Very glad I read this.

Echo: The Complete Edition

Echo: The Complete Edition, by Terry Moore, 590 pages.

 Julie is going to be divorced soon and wanders out into the wilderness around Moon Lake to get some peace and take some photos. It turns out that she is in the wrong place at the wrong time as a disagreement between Foster, the evil head of a nanotechnology / weapons research group,  and Annie, the non-evil inventor of the tech, leads to a nuclear explosion. Julie is transformed by the event, as is a nearby crazed drifter. Annie's boyfriend, Dillon, eventually joins forces with Julie, maybe-not-quite-dead Annie, and Ivy, a freelance operative, to try and stop Foster from misusing the new tech and ending the world. It's a relatively long and complicated graphic novel, but the story is well told and the art supports the story. A good read.

Wednesday, July 11, 2018

Victor LaValle's Destroyer

Victor LaValle's Destroyer by Victor LaValle, art by Dietrich Smith, 160 pages

As a brilliant scientist and descendant of Victor Frankenstein, Dr. Josephine Baker has a bit of a legacy. Fortunately for her, she's chosen to embrace her ancestor's ideas, and use nanobots to expand upon his vision of creating immortality through scientific advances. And it seems that she has, at least to a degree, succeeded where Dr. Frankenstein failed, reanimating the body of her young son. This is a powerful and wonderful graphic novel that, yes, builds on the story of Frankenstein and his monster, but uses it to shine a light on the spate of young black men who have been (and continue to be) killed by police officers. This was a truly excellent book, and I highly recommend it, particularly to those it will rankle.

Cosmos

Cosmos by Carl Sagan  365 pp.

I read this book back when the PBS series was a thing. Last year an audiobook version was produced with LeVar (Reading Rainbow / Geordi La Forge) Burton as the main narrator along with Neil deGrasse Tyson, Seth MacFarlane, and Ann Druyan, Sagan's collaborator on the television series. Burton does an excellent job of narration although I couldn't help but think of all the episodes of "Reading Rainbow" I watched with my kids. It was nice to revisit this book from long ago. And yes, the word 'billions" is very noticeably used frequently but Burton doesn't give it that distinctive Sagan style. The only downside to this audio version was the introduction by Ann Druyan because I found her voice not particularly pleasant.

Tuesday, July 10, 2018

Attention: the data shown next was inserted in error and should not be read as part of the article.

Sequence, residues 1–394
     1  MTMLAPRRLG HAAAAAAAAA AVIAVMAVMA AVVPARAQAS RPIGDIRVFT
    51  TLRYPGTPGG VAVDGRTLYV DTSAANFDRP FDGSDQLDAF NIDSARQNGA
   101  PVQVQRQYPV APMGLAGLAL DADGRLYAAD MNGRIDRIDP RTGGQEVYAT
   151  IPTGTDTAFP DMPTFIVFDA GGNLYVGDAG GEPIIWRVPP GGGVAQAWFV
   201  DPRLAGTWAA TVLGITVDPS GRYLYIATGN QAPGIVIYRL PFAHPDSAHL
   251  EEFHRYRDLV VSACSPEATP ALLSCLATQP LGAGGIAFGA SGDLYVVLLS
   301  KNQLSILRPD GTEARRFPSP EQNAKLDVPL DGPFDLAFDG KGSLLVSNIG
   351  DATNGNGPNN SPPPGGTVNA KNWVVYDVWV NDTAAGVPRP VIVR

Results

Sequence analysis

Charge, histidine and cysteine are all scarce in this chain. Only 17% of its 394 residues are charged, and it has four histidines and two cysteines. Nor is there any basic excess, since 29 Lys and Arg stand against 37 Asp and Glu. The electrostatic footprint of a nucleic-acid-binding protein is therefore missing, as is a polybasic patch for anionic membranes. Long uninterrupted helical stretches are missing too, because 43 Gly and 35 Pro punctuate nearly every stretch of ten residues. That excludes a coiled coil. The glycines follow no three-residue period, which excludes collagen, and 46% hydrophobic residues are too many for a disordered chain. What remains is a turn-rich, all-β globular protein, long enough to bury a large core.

Children of Blood and Bone

Children of Blood and Bone by Tomi Adeyemi, 531 pages

Eleven years ago, King Saran ordered the mass murder of the maji of Orisha in retaliation for an uprising against him, leaving behind orphaned diviners — white-haired children with magical potential that will never be reached (well, not if King Saran has anything to say about it). Now, 17-year-old diviner Zelie and Saran's daughter Amari have been thrown together in a quest to bring magic back to Orisha, with the king's ruthless guards hot on their tail.

For a long book, this reads incredibly quickly, with plenty of page-turning action. That said, the characters are nothing to sneeze at. I particularly like the internal conflicts of Amari's brother Inan, who is also captain of King Saran's guards. I don't know that this is quite the "next Harry Potter" as it's been called, but it is a good YA fantasy, and I look forward to seeing what Adeyemi has planned for the rest of the series.

Sunday, July 8, 2018

The Monk of Mokha

The Monk of Mokha / Dave Eggers, read by Dion Graham, 336 pgs.

In interesting story of an intrepid entrepreneur who decides to elevate his culture by importing coffee from its origin, Yemen.  Of course there are a few stumbling blocks.  Mokhtar is 25 years old and drifting between sales jobs starting at Banana Republic and at the start of this journey, he is a door man.  Also, he has never tasted coffee...but why should this impinge on his plans to learn a LOT about coffee, become a Q taster (the highest level of coffee expert) and importer?  Well, Yemen is also in the midst of a civil war so that also isn't helping.  Against all odds, Mokhtar just keeps pushing forward, not sure what he is doing but confident he will figure it out.  An engaging story of someone with a classic American Dream who is dedicated to pulling it off.  Dion Graham's narration adds plenty to the story and it is nice to hear all of the places and people's name with correct pronunciation.